the Midwestern Regional Office for statistical analysis, background research, and editorial assistance 
in the development of this report. The report was unanimously adopted by the Advisory Committee by 
a 13-0 vote. 

The Advisory Committee held a factfinding meeting on August 3 and 4, 1994, to obtain perspectives 
and facts on the administration of discipline in Michigan secondary public schools. Those invited to 
participate included the Governor, the State board of education, government officials, researchers, the 
local school districts of Lansing and Ypsilanti, other local school administrators, community groups, 
and parents. The Michigan Board of Education, the Office for Civil Rights of the U.S. Department of 
Education, the Lansing Public School District, and the Ypsilanti Public School District were aff"orded 
the opportunity to review the report prior to its submission to the Commission. 

The Advisory Committee finds minority students in Michigan being suspended and expelled from 
public schools at a disproportionately higher rate than nonminority students. Acknowledging that a 
finding of disproportionate discipline is not tantamount to a judgment of discrimination, such findings 
are disturbing. With productivity — both for individuals and society — related to educational achieve- 
ment, such school practices may lead to a group of citizens less educated, less prepared, and less willing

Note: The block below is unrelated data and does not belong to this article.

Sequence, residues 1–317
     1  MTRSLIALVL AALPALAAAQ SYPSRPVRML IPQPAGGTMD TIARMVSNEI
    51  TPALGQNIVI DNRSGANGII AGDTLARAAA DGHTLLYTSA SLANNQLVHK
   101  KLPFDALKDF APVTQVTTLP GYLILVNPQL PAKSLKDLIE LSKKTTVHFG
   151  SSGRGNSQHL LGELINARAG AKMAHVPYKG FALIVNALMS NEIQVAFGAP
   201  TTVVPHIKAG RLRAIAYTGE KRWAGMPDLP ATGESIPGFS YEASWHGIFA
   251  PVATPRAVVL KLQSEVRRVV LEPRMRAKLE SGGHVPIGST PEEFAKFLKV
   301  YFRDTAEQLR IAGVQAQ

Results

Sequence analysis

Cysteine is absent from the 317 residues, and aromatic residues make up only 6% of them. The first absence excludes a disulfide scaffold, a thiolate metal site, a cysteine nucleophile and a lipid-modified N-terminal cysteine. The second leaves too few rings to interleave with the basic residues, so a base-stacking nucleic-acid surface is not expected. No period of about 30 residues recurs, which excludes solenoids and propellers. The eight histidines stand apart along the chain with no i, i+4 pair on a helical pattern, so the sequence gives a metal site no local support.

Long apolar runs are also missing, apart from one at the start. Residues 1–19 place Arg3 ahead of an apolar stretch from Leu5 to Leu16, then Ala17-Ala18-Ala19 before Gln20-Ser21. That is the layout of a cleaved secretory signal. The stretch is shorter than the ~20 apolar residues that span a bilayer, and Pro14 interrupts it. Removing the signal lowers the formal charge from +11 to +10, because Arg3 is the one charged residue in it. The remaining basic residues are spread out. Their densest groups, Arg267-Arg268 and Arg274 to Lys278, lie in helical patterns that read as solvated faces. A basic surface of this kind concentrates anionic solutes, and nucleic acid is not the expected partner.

to contribute to society. 

Of additional concern to the Advisory Committee is finding that, in the face of this disproportionate 
discipline, neither the State, through the Michigan Department of Education, nor the Federal Govern- 
ment, through the Office for Civil Rights, U.S. Department of Education, has invested time or resources 
to assist local school officials examine this problem and determine if alternative or corrective measures 
could be taken. 

Respectfully, 



Mi^A^^ Jj,. Ji^:^ 






Janice G. Frazier, Ed.D., Chairperson 
Michigan Advisory Committee 



Michigan Advisory Committee to the 
U.S. Commission on Civil Rights 



Janice G. Frazier, Chairperson 
Detroit 

Dennis L. Gibson, Jr. 
Detroit 

Robert J. Gordon 
Detroit 

Ellen G. Ha 
Detroit 

Prince E. Holliday 
West Bloomfield 

Roland Hwang 
North ville 

Peter Kobrak 
Kalamazoo 



Jack Martin 
Bingham Farms 

Marylou Olivarez-Mason 
Lansing 

Noel John Saleh 
Detroit 

Sue Hamilton-Smith 
Detroit 

Larrain Thomas